Why Sharing is Caring in Gaming
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One of the best things about physical copies of games is knowing you can share the experience. If you have a game you love and enjoy, you can take it with you to a friend’s, let them use it for a week or so, and both enjoy a wonderful experience. It’s something that you’d think would be lost as we move into a digital future. It not only shouldn’t be, but it doesn’t have to be. Even though some consoles and handhelds are still left in the past, there are indications from companies like Valve, Sony, and Microsoft that gaming sharing could have a place in the future. Which is important, because it’s a feature we shouldn’t lose.

Handhelds are the worst for game sharing. Let’s look at the PlayStation Vita first. You’re limited to one account per system. If you want to switch to a different one, it’s pretty much a complete wipe. It isn’t cool and makes digital game sharing impossible. The 3DS is even worse and more confusing, since games are tied to NNID and the system’s hardware-ID. Which is why someone who gets a new 3DS model has to still own the original when they do, because there needs to be a whole system transfer to allow you to preserve the game data and saves on the original system’s memory card and use them on the new one. Sony and Nintendo both offered us a nightmare situation when it came to their most recent handhelds’ account systems.

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And, unfortunately, it’s an experience Nintendo hasn’t learned from. The Wii U has the same game sharing issue as the Nintendo 3DS. Despite being a console, one where you might reasonable expect to one day log into a second one, your Nintendo Network ID and its games are tied to one console. While we still aren’t sure how the Switch will work, early reports from Nintendo’s planning and development general manager, Shinya Takahashi, suggest that it would be impossible for someone to have two Switches and play a game downloaded and purchased on one on the other system. Not having a definite answer about being able to play your games across multiple consoles shows that game sharing Switch games could only be a dream.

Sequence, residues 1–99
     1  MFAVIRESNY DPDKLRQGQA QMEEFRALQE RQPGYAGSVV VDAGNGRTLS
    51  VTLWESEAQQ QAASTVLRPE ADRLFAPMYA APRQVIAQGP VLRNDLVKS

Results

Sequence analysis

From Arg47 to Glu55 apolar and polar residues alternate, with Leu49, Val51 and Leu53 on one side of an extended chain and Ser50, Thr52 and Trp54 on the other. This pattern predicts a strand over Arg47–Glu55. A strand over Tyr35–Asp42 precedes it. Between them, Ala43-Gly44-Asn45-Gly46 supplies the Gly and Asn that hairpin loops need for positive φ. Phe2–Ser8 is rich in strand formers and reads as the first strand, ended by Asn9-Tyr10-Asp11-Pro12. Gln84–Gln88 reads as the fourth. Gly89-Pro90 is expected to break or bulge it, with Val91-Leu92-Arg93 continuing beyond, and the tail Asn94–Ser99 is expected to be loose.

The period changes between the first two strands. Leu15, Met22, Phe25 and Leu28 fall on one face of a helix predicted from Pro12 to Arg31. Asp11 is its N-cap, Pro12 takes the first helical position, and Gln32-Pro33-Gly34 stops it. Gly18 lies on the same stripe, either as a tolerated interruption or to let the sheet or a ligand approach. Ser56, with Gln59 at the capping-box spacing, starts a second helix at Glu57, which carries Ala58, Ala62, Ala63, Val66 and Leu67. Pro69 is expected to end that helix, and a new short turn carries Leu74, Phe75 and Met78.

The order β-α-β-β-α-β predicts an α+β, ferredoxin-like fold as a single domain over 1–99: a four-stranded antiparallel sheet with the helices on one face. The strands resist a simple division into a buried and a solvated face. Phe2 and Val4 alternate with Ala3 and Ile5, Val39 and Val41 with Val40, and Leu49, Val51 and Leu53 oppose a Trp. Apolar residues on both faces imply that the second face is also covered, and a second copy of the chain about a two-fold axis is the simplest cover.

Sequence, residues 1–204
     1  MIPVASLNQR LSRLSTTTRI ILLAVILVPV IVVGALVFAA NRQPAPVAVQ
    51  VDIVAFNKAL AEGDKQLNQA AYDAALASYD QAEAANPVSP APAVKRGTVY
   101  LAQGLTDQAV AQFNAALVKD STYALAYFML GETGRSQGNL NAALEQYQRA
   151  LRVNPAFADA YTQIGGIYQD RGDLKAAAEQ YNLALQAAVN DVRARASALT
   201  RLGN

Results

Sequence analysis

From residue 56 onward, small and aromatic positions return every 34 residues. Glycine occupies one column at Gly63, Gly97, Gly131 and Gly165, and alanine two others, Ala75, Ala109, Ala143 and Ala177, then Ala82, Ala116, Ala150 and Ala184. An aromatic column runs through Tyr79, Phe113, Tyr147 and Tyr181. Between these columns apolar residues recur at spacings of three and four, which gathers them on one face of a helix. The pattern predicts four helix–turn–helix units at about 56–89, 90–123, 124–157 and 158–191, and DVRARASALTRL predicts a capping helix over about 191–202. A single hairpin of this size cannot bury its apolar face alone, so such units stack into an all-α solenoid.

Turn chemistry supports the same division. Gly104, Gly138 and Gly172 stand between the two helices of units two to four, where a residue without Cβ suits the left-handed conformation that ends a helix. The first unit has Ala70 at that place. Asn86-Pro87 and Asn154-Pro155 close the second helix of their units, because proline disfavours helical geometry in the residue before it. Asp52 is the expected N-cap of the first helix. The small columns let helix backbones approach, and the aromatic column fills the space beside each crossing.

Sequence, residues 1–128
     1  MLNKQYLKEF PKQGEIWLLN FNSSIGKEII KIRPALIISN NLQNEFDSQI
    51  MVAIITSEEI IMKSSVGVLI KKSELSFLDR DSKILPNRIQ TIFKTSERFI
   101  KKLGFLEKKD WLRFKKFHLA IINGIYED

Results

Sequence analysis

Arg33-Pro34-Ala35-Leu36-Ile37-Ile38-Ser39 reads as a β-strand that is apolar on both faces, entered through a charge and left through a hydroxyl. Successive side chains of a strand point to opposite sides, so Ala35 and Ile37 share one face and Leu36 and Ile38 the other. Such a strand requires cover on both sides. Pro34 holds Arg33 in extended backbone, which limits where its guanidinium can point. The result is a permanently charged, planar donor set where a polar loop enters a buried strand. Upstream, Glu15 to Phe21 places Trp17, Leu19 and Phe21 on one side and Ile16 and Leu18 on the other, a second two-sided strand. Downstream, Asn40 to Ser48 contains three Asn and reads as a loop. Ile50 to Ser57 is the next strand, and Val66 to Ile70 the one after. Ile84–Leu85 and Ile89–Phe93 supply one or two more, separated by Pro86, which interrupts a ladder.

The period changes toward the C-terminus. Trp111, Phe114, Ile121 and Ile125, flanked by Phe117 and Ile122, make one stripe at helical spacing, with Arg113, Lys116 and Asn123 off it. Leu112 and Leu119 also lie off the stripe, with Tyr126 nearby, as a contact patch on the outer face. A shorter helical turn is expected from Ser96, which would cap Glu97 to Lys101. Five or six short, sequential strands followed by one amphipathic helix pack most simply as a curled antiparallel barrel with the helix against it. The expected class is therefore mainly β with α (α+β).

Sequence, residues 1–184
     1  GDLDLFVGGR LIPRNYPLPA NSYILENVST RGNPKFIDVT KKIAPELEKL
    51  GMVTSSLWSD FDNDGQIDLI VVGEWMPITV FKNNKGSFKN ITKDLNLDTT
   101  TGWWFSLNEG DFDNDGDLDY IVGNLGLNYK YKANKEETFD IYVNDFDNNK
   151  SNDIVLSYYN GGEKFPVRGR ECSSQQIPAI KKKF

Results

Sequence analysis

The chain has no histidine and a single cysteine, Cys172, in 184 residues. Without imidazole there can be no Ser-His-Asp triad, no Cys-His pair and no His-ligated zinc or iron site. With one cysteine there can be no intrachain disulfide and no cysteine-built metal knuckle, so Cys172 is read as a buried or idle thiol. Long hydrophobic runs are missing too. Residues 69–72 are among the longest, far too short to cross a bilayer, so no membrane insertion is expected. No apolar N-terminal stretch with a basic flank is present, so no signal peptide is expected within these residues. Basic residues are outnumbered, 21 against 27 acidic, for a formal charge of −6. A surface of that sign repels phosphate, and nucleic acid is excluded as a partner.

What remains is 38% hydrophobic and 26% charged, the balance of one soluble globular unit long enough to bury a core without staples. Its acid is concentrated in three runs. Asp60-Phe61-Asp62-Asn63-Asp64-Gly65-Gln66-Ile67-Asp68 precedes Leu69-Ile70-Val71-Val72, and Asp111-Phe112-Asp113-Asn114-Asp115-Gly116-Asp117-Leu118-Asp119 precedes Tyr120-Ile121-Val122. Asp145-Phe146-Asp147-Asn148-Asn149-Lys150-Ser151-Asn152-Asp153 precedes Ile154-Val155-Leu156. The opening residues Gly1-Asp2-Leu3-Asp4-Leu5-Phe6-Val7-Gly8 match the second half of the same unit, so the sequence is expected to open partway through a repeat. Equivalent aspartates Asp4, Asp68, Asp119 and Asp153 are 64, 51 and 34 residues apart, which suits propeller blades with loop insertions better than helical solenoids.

I guess we could say the PlayStation 4 and Xbox One try? This is unintentional, of course. It isn’t as though Sony and Microsoft offer their Primary or Home Console with the idea of game sharing in mind. Though, it does allow people to essentially do that. A system with an account set as the Primary or Home one’s games will be available to everyone with an account on the system. That makes sharing possible, even if someone isn’t logged into that particular account. 

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But really, it’s only Steam that recognizes that people would like the ability to share games. The Family Library Sharing feature is the most revolutionary thing to come to digital gaming in the last few years. By designating up to five people, you can enjoy and share your games with people you live. there are restrictions, of course. Only one user at a time can access a library and play its games, but even this is made accommodating. When the account holder comes on, the person sharing will be alerted, then have an option to buy the game and keep playing or quit. Region restrictions can’t be undone. Also, if someone sharing your library is using your games to cheat or defraud people, you could lose the privilege and get VAC banned.

You’d think digital game sharing would be a common thing. This should be a concept companies should be embracing. Not just because we’re cheap and want free games, but because it makes sense in a world where things could go all digital and people who live and share systems with other people shouldn’t be forced to keep rebuying games. A family with more than one Switch should be able to buy one copy of a digital game, then have it available on both systems. If you have two PlayStation 4s, you shouldn’t have to worry about one being a Primary unit and the other not. Everyone should be more like Steam and offer people the freedom they want and need.

Jenni Lada
Jenni Lada
JMariye

Site Editor
Date: 03/01/2017

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